Ok y'all I'm going to jump in here. This is a really sad goal, but I would just like to be able to read one book for pleasure this year. I have health issues that make it really difficult for me to read, especially for long periods of time. It is a struggle getting my books read for school. I can read short blurbs or maybe a chapter at a time, but actually finishing a book seems difficult to me, so it would be really exciting if I finished one for pleasure :D.
Remember, listening to an audiobook counts! If you look at our lists posted above, you'll see the majority of us are counting audiobooks. :)

lymiewithpurpose
Posts: 1811
Joined: January 18th, 2019, 6:26 pm
Location: California

Post by lymiewithpurpose » March 1st, 2019, 12:42 pm

commonsparrow3 wrote:
March 1st, 2019, 12:38 pm
Remember, listening to an audiobook counts! If you look at our lists posted above, you'll see the majority of us are counting audiobooks. :)
Unfortunately those are even harder for me. I can not comprehend anything audibly. I have found ways to get around it (in proof listening as long as I read along with it I am fine) but just listening is hard. Thanks for the suggestion though!
Campbell
Constructive criticism always welcome

Readers wanted: The Cliff-Dwellers

commonsparrow3
Posts: 2520
Joined: January 17th, 2013, 9:16 pm
Location: Rochester, NY

Post by commonsparrow3 » March 1st, 2019, 12:56 pm

Just updated my list again here
viewtopic.php?p=1539071#p1539071

philchenevert
LibriVox Admin Team
Posts: 16780
Joined: October 17th, 2010, 9:23 pm
Location: In My Happy Place By De Bayou
Contact:

Post by philchenevert » March 1st, 2019, 8:23 pm

I would like to read 40 books this year.
Phil Chenevert, The LibriVox Video Guy
Never buy flowers from a monk. Remember, only you can prevent florist friars. .

Need Help? Lots of Helpful Videos Here

mhhbook
Posts: 798
Joined: October 4th, 2008, 8:06 pm
Location: Arkansas

Post by mhhbook » March 1st, 2019, 8:53 pm

Here's my February list. Interesting assortment. Some good books, a good reading month.

"The Quest for Corvo, An Experiment in Biography" by A.J.A. Symons. This was a very interesting, unique book about a very interesting, unique character...to say the least. I read it because the comments by another LibriVoxer on Goodreads made it sound so interesting. I liked the book a lot. My reading source was Archive.org's online library.
"Black Oxen" by Gertrude Atherton. Book from library sale. Unusual, sort of scifi themed book written in the 1920's about an older woman who undergoes a rejuvenation process and has an affair with a younger man. Interesting comments on the post-war era.
"Swan Watch" by Budd Schulberg. Archive.org library download. Nice, short book of Mr. Schulberg's writings and wife’s Geraldine Fitzgerald’s photographs about their observations of a swan family living on the lake where the Schulbergs lived in New York. Compassionate, interesting study of the lives of these birds.
"The Unopened Casebook of Sherlock Holmes" by John Taylor. BBC Radio. Pretty good. Entertaining, but it seems that there were a lot of bad women in these stories. Quality of sound recording wasn’t always the best. Background noises sometimes interfered with the dialog. Even so, nicely done.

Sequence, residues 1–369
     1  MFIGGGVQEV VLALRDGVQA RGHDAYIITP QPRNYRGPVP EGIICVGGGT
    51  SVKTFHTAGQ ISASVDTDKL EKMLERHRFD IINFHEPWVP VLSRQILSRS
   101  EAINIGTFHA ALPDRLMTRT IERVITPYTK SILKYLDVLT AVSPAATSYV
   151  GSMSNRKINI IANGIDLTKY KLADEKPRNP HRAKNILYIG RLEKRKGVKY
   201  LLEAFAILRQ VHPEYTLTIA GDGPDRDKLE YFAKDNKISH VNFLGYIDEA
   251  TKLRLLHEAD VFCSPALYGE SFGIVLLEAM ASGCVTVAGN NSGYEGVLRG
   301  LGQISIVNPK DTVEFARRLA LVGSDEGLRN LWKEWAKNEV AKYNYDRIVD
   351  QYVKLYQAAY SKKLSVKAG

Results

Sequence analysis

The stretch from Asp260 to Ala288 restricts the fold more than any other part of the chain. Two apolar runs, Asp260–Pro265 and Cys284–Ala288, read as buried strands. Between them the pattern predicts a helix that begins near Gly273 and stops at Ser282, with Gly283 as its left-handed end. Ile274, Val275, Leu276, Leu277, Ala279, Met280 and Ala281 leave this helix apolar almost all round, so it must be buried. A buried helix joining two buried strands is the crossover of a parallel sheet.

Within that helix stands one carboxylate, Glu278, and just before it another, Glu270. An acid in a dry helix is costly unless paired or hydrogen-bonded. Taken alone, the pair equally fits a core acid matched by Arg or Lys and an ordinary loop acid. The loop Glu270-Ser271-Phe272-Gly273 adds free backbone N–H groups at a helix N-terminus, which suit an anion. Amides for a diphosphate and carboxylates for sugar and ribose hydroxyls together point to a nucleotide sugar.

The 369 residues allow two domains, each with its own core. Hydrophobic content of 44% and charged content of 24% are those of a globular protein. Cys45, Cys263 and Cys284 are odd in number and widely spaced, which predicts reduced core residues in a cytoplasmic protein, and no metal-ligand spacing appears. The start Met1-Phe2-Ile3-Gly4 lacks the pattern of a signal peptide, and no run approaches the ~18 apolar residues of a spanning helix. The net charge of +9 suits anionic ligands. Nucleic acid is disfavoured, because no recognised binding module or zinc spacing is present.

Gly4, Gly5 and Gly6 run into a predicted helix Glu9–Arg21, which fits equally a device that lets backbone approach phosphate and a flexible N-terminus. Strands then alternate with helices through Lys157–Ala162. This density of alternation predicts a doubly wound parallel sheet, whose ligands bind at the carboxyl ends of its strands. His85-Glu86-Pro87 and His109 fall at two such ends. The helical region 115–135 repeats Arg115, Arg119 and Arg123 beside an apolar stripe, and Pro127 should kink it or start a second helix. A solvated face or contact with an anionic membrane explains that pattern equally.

"Far Side of the Moore" by Sean Grundy. BBC Radio. Entertaining, very nicely done drama about self-taught astronomer Patrick Moore.
"Bad Monkey" by Carl Hiassen. Library audio book download Very good, entertaining book. He writes a good story and has a great sense of humor
"I Saw a Man" by Owen Sheers. BBC Radio, reading of edited book. Very good story very well read by Mark Bazeley. Contemporary story about loss and redemption.
"The Dreaming Woman" Don Taylor. BBC Radio. Drama telling of the relationship between D. H. Lawrence and a young woman in the early days of his writing career. Excellent performances.
Mary

“Fill your house with stacks of books, in all the crannies and all the nooks.” – Dr. Seuss

Marsupial's Books

mhhbook
Posts: 798
Joined: October 4th, 2008, 8:06 pm
Location: Arkansas

Post by mhhbook » April 1st, 2019, 12:44 pm

Another month gone by. Time for me to post books read (or listened to) in March. Several BBC radio programs here. Not all of them complete books, but a nice way of "reading" when other projects give me less sit down reading time.

"Sherlock Holmes vs Dracula" by Loren D. Estleman. BBC Radio Entertaining radio mystery bringing together two famous fictional characters. Great performances reminiscent of the 1940s movie series
"The Painted Veil" by W. Somerset Maugham. BBC Radio. Good, well done dramatization of the novel by Maugham.
"Dreaming in Africa" by Mike Harris. BBC Radio. Very good, factual drama
"Defoe: Merchant, Writer, Convict, Spy" by Philip Farmer. BBC Radio. Very interesting program. Piques my interest about DeFoe. Don't think I've read anything by him.
"The Great Chocolate Murders" by John Fletcher. BBC Radio. Another well done BBC radio drama. True story of a woman who attempts to murder (several attempts, one victim) in Brighton in the 1870s. A true “nut case”. Entertaining and well done.